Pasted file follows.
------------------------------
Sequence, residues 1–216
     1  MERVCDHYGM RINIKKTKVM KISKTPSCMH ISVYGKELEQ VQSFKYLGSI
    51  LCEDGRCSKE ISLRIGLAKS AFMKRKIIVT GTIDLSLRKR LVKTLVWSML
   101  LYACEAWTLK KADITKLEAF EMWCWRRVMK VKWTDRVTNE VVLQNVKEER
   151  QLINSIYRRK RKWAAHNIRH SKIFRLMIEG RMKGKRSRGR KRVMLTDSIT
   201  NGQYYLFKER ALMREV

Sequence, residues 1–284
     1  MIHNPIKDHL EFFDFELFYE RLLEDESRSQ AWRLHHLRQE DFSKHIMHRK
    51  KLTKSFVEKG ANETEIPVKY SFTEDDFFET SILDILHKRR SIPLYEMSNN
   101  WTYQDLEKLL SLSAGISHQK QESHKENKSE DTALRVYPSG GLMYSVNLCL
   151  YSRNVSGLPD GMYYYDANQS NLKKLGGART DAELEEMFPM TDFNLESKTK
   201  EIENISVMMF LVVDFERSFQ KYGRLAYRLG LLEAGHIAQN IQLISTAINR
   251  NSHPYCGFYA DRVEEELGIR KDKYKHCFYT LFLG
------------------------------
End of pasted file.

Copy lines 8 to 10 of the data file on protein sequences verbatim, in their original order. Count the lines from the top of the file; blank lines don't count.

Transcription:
     1  MIHNPIKDHL EFFDFELFYE RLLEDESRSQ AWRLHHLRQE DFSKHIMHRK
    51  KLTKSFVEKG ANETEIPVKY SFTEDDFFET SILDILHKRR SIPLYEMSNN
   101  WTYQDLEKLL SLSAGISHQK QESHKENKSE DTALRVYPSG GLMYSVNLCL